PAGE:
Concerns that the tea category might have peaked were ground under the wheels of big business semi-trucks last week at the National Association of Convenience Stores convention, as three of the country’s largest beverage companies showed new strategies based around tea lines.
Anheuser-Busch InBev is using the tea category as a jumping off point for what the company anticipates could be a broad array of non-alcoholic beverages, all affiliated with good-timey rock star and entrepreneur Jimmy Buffett. While the sailing balladeer pulled into the Hard Rock Hotel in Las Vegas to serenade retailers at the brewer’s annual party, Bud executives – many from the recently re-jiggered 9th Street Beverage unit – tried out a siren song of their own on wholesalers and distributors.
What they were singing about were six SKUs of the all-natural Paradise Key teas, which recently rolled out in Florida and the rest of the southeast at a suggested $1.59 price point at retail for varieties like Diet Peach, Red Tea Peach, Lemon Sweet Black, Pomegranate White, Citrus Green and Tropical Black. With a national launch scheduled for next year, most of the action will be through Bud wholesalers but independents and smaller regional chains will get a shot through DSD, according to Steven Freant, the key account manager for the Southeast.
With an effective rollout will come even more products, according to former 9th Street Marketing Director Tom Burkemper, who is now part of the national sales organization for the larger company. Burkemper said that 9th Street hasn’t been abandoned, but has changed its orientation.
“We’ll be looking at major partnerships, and have a focus on those brands that have long-term staying power rather than niches,” which comprised much of 9th Street’s original focus, Burkemper said. The small “innovation shop” had the key role in developing Paradise Key, which could eventually include lemonade, coconut water, even CSDs, according to Burkemper.
“Once a brand is established, it’s a lot easier to do a big rollout,” he said.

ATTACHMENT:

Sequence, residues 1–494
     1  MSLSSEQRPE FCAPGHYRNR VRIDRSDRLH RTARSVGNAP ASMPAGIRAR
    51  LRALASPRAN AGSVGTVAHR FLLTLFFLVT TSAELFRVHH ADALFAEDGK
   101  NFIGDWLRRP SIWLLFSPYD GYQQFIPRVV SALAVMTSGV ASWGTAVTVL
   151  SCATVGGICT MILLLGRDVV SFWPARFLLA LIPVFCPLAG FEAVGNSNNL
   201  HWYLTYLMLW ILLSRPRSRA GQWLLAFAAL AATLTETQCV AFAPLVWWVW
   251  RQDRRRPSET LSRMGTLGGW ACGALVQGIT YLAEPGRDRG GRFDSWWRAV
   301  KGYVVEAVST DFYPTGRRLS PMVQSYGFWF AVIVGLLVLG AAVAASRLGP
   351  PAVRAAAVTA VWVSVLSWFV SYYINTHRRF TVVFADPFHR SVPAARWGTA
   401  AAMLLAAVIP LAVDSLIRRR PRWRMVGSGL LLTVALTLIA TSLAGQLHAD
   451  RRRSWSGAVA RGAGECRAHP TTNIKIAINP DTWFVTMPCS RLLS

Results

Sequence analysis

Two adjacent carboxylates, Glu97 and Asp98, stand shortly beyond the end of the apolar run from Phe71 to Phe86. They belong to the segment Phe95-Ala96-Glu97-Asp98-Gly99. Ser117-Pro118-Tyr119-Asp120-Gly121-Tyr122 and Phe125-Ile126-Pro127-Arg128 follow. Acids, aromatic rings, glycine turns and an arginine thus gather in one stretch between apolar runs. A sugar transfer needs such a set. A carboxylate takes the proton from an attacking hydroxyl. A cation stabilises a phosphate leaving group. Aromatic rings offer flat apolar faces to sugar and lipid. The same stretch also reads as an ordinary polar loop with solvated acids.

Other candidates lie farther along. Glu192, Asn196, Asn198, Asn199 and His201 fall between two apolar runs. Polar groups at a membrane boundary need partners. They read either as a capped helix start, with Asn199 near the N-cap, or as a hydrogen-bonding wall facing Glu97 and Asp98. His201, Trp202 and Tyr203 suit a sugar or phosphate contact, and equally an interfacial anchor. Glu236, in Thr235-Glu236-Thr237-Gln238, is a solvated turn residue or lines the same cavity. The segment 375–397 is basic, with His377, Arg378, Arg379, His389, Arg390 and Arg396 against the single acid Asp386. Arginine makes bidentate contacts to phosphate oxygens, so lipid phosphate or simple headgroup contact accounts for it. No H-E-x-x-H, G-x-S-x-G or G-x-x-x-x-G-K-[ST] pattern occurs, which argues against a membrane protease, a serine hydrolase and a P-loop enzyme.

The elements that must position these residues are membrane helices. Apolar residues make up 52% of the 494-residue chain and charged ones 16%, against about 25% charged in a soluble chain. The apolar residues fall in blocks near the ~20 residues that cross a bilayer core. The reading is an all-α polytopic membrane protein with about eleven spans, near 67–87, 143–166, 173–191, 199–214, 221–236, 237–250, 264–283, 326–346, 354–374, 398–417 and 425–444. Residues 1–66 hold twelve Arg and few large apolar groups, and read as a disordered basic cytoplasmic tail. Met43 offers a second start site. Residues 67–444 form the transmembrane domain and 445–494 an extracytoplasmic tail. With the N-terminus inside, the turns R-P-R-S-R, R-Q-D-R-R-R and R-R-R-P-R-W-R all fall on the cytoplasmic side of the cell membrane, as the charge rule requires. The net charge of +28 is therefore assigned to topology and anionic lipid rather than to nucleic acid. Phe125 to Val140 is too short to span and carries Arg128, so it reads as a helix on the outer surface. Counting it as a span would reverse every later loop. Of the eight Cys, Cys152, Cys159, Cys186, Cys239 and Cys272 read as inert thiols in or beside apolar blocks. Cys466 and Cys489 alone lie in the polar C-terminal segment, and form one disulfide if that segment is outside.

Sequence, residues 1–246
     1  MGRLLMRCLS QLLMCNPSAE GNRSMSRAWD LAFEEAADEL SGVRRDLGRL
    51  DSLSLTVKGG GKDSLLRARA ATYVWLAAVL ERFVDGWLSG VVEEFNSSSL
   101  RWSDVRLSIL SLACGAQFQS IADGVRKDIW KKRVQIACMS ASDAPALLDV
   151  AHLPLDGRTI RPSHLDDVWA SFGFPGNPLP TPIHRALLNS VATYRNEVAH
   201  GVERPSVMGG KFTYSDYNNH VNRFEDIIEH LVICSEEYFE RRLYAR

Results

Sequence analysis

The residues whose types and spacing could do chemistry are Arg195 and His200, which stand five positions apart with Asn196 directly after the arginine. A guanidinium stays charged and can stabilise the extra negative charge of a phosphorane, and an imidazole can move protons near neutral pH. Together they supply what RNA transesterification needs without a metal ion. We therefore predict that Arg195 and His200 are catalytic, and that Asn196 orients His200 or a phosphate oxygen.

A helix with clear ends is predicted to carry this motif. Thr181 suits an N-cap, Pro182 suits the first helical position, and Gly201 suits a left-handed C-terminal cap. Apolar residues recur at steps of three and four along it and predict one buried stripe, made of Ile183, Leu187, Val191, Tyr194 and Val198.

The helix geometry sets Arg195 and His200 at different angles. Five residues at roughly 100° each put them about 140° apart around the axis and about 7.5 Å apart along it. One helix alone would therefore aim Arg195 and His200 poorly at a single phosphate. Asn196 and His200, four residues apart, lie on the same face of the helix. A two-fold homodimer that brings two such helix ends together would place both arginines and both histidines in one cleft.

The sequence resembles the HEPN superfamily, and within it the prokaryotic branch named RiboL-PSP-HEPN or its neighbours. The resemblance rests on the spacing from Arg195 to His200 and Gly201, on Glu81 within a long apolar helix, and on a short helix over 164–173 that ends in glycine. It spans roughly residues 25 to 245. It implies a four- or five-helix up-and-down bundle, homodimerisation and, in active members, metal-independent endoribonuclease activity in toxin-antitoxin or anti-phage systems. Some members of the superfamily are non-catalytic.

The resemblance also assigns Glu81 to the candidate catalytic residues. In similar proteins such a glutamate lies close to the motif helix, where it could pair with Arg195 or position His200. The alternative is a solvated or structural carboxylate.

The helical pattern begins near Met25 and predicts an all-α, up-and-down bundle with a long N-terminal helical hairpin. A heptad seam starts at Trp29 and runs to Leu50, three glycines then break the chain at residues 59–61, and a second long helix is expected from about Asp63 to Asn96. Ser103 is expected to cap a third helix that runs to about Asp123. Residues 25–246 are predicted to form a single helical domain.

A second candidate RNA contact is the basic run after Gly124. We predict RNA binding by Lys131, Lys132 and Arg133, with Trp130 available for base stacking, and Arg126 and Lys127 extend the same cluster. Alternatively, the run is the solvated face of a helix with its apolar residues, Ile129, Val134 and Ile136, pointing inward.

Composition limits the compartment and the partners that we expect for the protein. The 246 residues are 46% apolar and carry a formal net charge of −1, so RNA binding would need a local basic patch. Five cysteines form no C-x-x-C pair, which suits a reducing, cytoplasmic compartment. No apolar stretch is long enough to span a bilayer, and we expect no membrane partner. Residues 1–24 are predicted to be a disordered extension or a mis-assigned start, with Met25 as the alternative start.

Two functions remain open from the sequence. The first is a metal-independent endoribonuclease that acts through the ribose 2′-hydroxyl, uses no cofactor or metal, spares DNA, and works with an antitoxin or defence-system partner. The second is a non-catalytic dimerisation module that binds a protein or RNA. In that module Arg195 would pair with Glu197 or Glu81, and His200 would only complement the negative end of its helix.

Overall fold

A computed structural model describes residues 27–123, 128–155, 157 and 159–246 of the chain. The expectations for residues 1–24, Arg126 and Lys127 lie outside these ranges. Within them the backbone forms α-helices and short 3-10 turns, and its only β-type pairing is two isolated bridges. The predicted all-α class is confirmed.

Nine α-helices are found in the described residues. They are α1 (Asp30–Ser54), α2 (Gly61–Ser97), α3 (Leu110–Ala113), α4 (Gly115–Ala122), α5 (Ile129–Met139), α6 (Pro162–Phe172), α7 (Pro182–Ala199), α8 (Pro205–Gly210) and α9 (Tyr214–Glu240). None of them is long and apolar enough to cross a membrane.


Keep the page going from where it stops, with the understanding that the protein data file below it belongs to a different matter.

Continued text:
Another established brand looking for a big rollout is Hansen’s, which produced its first samples of its value-oriented 23.5-oz. Peace Tea for the masses at NACS. In a move designed to rein in category leader AriZona’s dominance in the big can line, Hansen’s will attempt to get the four-SKU line into the Coca-Cola system that is already distributing category volume leader Monster Energy. It should be noted that the cans were so new they weren’t on display in the Coca-Cola booth just a stone’s throw from the traditional Monster show of skin and latex – although Coke’s better-known tea partner, Honest Tea, did have a small tasting shelf at the mother ship.
“Somebody should be in that space,” said Geoff Bremmer, the brand manager for Monster, explaining the rationale behind Peace Tea as an instant competitor to AriZona. The four cane sugar-sweetened SKUs — Green Tea, Sweet Lemon Tea, Imported Ceylon, and Razzleberry — all carry a huge peace symbol, hippie imagery, and, more important from a distribution and competition point of view, a big old $ .99 pre-pricing label right on the can.
So what was bringing out all this tea competition? Marketers see opportunity to once again leverage its high-end feel and healthy aura, but they also see that, of late, tea is simply what consumers seem to want.
“Of every category in beverages in the past 52 weeks, only two have really grown,” said David Smith, the co-founder of Sweet Leaf Tea, which displayed four big cans of its own, 16 oz. versions of its established Original, Raspberry, Peach and Mint & Honey flavors geared toward the convenience market. With a big partner in Nestle Waters North America now on board through a minority ownership and distribution arrangement the idea is to make the brand “more affordable and more available” to the general public, Smith said.
Sweet Leaf’s involvement with Nestle has given Smith and co-founder Clayton Christopher newfound confidence in the strength of their brand, he said – mostly because the pair now have information on product development and reach that they’ve never had the opportunity to see before.
“It’s a big learning curve, but the data makes you a lot more comfortable with the decisions that we used to really agonize over in the past,” he said.
But the company won’t be doing drop shipments a la the Nestle Waters system itself anytime soon, Smith added.
“We’re committed to a DSD network,” he said. “We want to control who we are and where we are.”
Meanwhile, three other tea companies appeared poised for new directions at the show, as well. Lots of chatter centered around fast growing all-natural players New Leaf and Xing Tea, while Dr Pepper/Snapple Group displayed three pre-priced, 79-cent, 16 oz. cans of cold-filled Snapple tea. With Xing passing 40 states in distribution and New Leaf aiming to hit all 50 in the next 18 months, the stream of strong brands onto the trails blazed by Honest Tea and AriZona seems to be generally moving the category away from cold-fill stalwarts like Nestea and Lipton, neither of which were featured prominently in Coke’s or Pepsi’s displays.
“We’re just plain selling a lot,” said New Leaf CEO Eric Skae. “We were kind of the unknown, but now I’ve gotten a lot further than most guys on a lot less money.”
Photos from NACS 2009
BevNET’s coverage of NACS 2009 is sponsored by Crystal Cooler, makers of customized beverage coolers.
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